3. Compare the two mortgage calculators side by side. You will see that the input verification demo specifies valid input values in the associated label for each editable text field. Try entering badly formatted values in both examples to observe behavior. Then try entering a properly formatted, but unacceptable value.

You can find the code for the Input Verification demo in InputVerificationDemo.java. Here is the code for the InputVerifier subclass, MyVerifier:

class MyVerifier extends InputVerifier
                 implements ActionListener {
    double MIN_AMOUNT = 10000.0;
    double MAX_AMOUNT = 10000000.0;
    double MIN_RATE = 0.0;
    int MIN_PERIOD = 1;
    int MAX_PERIOD = 40;

   public boolean shouldYieldFocus(JComponent input) {
        boolean inputOK = verify(input);
        makeItPretty(input);
        updatePayment();

        if (inputOK) {
            return true;
        } else {
            Toolkit.getDefaultToolkit().beep();
            return false;
        }
    }

    protected void updatePayment() {
        double amount = DEFAULT_AMOUNT;
        double rate = DEFAULT_RATE;
        int numPeriods = DEFAULT_PERIOD;
        double payment = 0.0;

        //Parse the values.
        try {
            amount = moneyFormat.parse(amountField.getText()).
                              doubleValue();
        } catch (ParseException pe) {pe.printStackTrace();}
        try {
            rate = percentFormat.parse(rateField.getText()).
                                 doubleValue();
        } catch (ParseException pe) {pe.printStackTrace();}
        try {
            numPeriods = decimalFormat.parse(numPeriodsField.getText()).
                              intValue();
        } catch (ParseException pe) {pe.printStackTrace();}

        //Calculate the result and update the GUI.
        payment = computePayment(amount, rate, numPeriods);
        paymentField.setText(paymentFormat.format(payment));
    }

    //This method checks input, but should cause no side effects.
    public boolean verify(JComponent input) {
        return checkField(input, false);
    }

    protected void makeItPretty(JComponent input) {
        checkField(input, true);
    }

    protected boolean checkField(JComponent input, boolean changeIt) {
        if (input == amountField) {
            return checkAmountField(changeIt);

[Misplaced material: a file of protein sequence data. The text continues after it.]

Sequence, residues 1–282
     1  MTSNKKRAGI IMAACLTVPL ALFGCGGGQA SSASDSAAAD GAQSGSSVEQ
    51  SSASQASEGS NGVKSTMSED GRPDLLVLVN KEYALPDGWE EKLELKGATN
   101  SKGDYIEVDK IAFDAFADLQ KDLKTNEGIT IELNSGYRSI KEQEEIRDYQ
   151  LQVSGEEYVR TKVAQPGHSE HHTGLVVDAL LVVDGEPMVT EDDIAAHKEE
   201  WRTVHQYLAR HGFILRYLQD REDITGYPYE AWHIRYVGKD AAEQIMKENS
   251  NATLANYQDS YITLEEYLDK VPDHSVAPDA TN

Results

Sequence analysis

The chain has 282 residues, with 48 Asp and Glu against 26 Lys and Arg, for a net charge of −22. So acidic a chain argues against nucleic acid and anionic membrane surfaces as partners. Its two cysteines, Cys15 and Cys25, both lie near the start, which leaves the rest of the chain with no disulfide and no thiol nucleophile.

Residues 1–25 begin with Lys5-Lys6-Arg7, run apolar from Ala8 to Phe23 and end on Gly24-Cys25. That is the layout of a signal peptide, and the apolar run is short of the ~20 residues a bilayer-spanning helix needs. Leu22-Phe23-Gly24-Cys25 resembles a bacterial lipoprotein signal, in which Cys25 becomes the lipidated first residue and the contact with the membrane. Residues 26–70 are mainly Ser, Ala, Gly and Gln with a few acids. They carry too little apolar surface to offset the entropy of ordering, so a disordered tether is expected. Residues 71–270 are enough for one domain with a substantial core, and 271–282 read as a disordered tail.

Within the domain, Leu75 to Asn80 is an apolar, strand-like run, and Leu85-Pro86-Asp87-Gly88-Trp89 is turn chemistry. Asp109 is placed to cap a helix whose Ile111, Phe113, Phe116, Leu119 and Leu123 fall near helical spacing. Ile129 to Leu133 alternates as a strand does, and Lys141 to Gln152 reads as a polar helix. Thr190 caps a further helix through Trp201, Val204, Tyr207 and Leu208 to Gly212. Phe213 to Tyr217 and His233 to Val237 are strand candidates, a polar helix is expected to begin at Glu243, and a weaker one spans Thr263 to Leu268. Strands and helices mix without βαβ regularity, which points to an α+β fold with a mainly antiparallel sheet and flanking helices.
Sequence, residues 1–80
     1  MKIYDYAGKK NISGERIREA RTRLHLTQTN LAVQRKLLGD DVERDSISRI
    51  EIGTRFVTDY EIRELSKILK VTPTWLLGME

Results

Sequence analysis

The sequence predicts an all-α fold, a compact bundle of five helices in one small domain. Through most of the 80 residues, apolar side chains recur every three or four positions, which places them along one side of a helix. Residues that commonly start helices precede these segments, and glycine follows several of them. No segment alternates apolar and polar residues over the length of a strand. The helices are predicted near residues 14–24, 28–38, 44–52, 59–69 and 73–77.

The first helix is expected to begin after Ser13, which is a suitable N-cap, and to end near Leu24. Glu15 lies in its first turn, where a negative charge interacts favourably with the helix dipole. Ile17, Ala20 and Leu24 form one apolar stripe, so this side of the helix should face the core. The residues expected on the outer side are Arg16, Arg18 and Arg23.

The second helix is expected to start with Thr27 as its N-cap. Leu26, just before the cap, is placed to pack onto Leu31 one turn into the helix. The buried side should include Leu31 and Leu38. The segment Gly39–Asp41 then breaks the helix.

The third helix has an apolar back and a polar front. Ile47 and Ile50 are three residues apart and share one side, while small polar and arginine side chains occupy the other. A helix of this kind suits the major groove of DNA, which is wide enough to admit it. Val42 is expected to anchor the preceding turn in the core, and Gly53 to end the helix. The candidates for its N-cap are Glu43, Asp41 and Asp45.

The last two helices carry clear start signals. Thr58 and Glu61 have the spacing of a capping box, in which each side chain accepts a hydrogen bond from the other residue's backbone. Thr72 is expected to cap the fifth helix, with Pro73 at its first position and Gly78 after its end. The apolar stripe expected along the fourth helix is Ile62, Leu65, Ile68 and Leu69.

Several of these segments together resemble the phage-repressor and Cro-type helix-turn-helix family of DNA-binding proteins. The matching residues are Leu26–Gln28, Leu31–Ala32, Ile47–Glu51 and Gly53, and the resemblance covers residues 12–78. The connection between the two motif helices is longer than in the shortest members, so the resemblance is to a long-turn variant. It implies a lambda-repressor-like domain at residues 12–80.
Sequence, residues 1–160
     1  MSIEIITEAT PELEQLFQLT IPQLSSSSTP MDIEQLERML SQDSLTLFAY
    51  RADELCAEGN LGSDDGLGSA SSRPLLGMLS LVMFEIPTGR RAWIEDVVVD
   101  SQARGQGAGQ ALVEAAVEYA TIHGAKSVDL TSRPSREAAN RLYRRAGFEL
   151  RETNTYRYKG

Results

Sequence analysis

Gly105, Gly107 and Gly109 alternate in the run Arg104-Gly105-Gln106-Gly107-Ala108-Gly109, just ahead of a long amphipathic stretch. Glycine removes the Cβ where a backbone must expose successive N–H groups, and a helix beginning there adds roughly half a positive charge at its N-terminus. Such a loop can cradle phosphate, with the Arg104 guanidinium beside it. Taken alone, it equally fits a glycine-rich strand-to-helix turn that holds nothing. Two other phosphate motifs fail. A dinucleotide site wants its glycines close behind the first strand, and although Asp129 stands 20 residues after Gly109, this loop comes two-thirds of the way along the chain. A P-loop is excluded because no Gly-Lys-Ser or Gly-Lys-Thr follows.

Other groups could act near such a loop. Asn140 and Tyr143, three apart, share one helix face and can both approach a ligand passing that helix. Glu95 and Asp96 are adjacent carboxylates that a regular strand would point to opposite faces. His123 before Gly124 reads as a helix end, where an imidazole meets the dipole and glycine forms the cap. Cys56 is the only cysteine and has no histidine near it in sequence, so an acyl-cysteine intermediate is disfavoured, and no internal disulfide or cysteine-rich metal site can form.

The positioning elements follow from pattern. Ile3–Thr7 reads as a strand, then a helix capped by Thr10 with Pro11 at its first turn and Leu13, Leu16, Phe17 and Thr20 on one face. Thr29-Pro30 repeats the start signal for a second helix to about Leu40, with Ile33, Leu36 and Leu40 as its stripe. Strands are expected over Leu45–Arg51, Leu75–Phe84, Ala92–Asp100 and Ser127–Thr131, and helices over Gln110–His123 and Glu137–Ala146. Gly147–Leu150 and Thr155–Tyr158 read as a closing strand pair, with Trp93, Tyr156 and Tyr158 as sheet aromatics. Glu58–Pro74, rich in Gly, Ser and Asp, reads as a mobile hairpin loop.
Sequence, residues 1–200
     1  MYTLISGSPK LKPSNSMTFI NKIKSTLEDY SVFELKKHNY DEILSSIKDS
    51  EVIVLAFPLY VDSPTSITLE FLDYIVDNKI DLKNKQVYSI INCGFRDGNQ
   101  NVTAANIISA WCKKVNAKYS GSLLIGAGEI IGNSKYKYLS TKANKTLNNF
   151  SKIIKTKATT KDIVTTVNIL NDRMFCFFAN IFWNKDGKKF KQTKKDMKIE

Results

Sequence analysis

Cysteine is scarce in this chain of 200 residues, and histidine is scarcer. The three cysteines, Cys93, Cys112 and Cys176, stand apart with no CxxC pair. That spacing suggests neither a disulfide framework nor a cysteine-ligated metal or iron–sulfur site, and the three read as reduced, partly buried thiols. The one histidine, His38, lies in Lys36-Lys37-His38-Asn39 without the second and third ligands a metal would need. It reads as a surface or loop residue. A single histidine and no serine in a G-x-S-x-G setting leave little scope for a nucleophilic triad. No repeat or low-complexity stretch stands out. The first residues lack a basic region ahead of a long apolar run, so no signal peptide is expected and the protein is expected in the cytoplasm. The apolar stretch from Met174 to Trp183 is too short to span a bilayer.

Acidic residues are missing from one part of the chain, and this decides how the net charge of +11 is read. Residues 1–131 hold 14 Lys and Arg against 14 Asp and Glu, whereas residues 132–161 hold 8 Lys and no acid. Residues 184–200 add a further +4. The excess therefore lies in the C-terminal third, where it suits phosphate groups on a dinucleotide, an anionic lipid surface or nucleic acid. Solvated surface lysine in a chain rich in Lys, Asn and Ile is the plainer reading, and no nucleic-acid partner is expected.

} else if (input == rateField) {
            return checkRateField(changeIt);
        } else if (input == numPeriodsField) {
            return checkNumPeriodsField(changeIt);
        } else {
            return true; //should not happen
        }
    }

    //Checks that the amount field is valid.  If it is valid,
    //it returns true; otherwise, returns false.  If the
    //change argument is true, this method sets the
    //value to the minimum or maximum value if necessary and
    // (even if not) sets it to the parsed number so that it
    // looks good -- no letters, for example.
    protected boolean checkAmountField(boolean change) {
        boolean wasValid = true;
        double amount = DEFAULT_AMOUNT;

        //Parse the value.
        try {
            amount = moneyFormat.parse(amountField.getText()).
                              doubleValue();
        } catch (ParseException pe) {
            pe.printStackTrace();
            wasValid = false;
        }

        //Value was invalid.
        if ((amount < MIN_AMOUNT) || (amount > MAX_AMOUNT)) {
            wasValid = false;
            if (change) {
                if (amount < MIN_AMOUNT) {
                    amount = MIN_AMOUNT;
                } else { // amount is greater than MAX_AMOUNT
                    amount = MAX_AMOUNT;
                }
            }
        }

        //Whether value was valid or not, format it nicely.
        if (change) {
            amountField.setText(moneyFormat.format(amount));
            amountField.selectAll();
        }

        return wasValid;
    }

    //Checks that the rate field is valid.  If it is valid,
    //it returns true; otherwise, returns false.  If the
    //change argument is true, this method reigns in the
    //value if necessary and (even if not) sets it to the
    //parsed number so that it looks good -- no letters,
    //for example.
    protected boolean checkRateField(boolean change) {
        ...//Similar to checkAmountField...
    }

    //Checks that the numPeriods field is valid.  If it is valid,
    //it returns true; otherwise, returns false.  If the
    //change argument is true, this method reigns in the
    //value if necessary and (even if not) sets it to the
    //parsed number so that it looks good -- no letters,
    //for example.
    protected boolean checkNumPeriodsField(boolean change) {
        ...//Similar to checkAmountField...
    }

    public void actionPerformed(ActionEvent e) {
        JTextField source = (JTextField)e.getSource();
        shouldYieldFocus(source); //ignore return value
        source.selectAll();
    }
}